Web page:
You viewed a rental home and are ready to rent it. Details about the property were told to you. But were they the right details? Before you sign that rental lease, get the answers to these 5 crucial questions.
This is not much of a problem if you don't intend on staying for very long. However, if you want to stay in a home for a few years, your plans may be thwarted if the owner switches hands anytime soon. Get a lease for a set period of time rather than month to month. If selling, the new owner should honor your lease, giving you plenty of time to move or may pay you to move sooner. You could also request first option to buy when the landlord wants to sell. If the home gets foreclosed on, Massachusetts law says you have until the lease is up to move, unless the new owner intends to live in the home. In that case, you can either work something out with the new owner or wait for the courts to decide your fate. Check local records to determine if a home is in pre-foreclosure before signing that lease.
There is nothing worse than moving into a great home only to have the heater or refrigerator continually go out. You may not get an answer to this question, but if you do, you'll know if you should get renter's insurance that covers the loss of refrigerated/frozen food or buy a backup electric heater. Make sure that major kitchen appliances are not your responsibility to replace. Find out how long it generally takes to deal with maintenance requests and avoid surprises later.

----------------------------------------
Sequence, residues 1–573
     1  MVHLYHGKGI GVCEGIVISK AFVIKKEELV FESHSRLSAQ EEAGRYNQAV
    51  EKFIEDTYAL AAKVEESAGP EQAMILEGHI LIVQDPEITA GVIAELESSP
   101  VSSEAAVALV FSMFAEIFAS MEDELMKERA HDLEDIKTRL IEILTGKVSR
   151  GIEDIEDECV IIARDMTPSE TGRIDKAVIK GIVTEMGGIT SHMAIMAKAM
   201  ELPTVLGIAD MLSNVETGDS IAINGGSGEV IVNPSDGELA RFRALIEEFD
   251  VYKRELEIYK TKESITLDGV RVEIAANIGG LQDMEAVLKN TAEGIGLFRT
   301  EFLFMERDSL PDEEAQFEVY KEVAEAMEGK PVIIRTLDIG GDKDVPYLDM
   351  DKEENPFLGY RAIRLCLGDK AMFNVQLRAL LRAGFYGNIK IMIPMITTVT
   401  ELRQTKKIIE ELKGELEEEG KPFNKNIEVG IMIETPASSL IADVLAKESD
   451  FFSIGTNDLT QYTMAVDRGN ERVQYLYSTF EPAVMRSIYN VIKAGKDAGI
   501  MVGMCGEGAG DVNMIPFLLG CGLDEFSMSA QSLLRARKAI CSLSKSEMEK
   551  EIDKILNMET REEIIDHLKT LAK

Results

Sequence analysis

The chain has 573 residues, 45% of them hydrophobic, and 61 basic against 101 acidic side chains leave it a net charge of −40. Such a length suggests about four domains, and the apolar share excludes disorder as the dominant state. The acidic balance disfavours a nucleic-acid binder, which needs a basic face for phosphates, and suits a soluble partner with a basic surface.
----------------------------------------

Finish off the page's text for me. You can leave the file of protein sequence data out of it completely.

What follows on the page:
If a landlord states they take pets, find out what kinds. Many dog breeds are no longer covered under homeowner insurance policies, posing a risk or loss of insurance entirely to the landlord if one is on their property. Depending on the insurance company, this could mean pit bulls, rottweilers, German shepards and others not expected. Get a copy of the pet policy prior to signing the lease and, if not part of this policy, a copy of uninsured breeds.
This is important if living in a housing community of any kind. Perhaps your family has three vehicles, but a property only has space for two, street parking is not allowed and overnight street parking incurs a large homeowner's association (HOA) fine. Usually quite long and detailed, ask if there is a copy of the Conditions, Covenants and Restrictions online for viewing or if you could study a copy to avoid hefty HOA fines.
First find out the type of heating and if there is air conditioning. The home may be the perfect rental, but the heating bill may break the bank in the winter, especially if an older home with poor insulation. Ask the landlord if they have heating bill amounts for the winter (and summer if air conditioning is installed) months. Call the utility companies with the address to get an estimate if not provided by the landlord.
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